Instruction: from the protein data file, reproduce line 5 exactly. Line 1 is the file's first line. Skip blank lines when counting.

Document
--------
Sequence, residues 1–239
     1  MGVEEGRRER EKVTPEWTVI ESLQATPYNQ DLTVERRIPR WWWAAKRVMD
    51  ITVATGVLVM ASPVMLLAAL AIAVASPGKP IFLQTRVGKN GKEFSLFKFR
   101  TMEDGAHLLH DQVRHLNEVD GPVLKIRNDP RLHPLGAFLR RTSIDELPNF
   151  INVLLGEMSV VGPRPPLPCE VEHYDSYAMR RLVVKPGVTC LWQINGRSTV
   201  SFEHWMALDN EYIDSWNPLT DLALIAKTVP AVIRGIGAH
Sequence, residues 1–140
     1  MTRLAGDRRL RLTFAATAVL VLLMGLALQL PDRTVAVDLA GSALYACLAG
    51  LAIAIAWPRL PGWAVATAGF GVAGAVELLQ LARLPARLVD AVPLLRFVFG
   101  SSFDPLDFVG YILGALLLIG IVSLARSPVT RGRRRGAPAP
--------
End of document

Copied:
   151  INVLLGEMSV VGPRPPLPCE VEHYDSYAMR RLVVKPGVTC LWQINGRSTV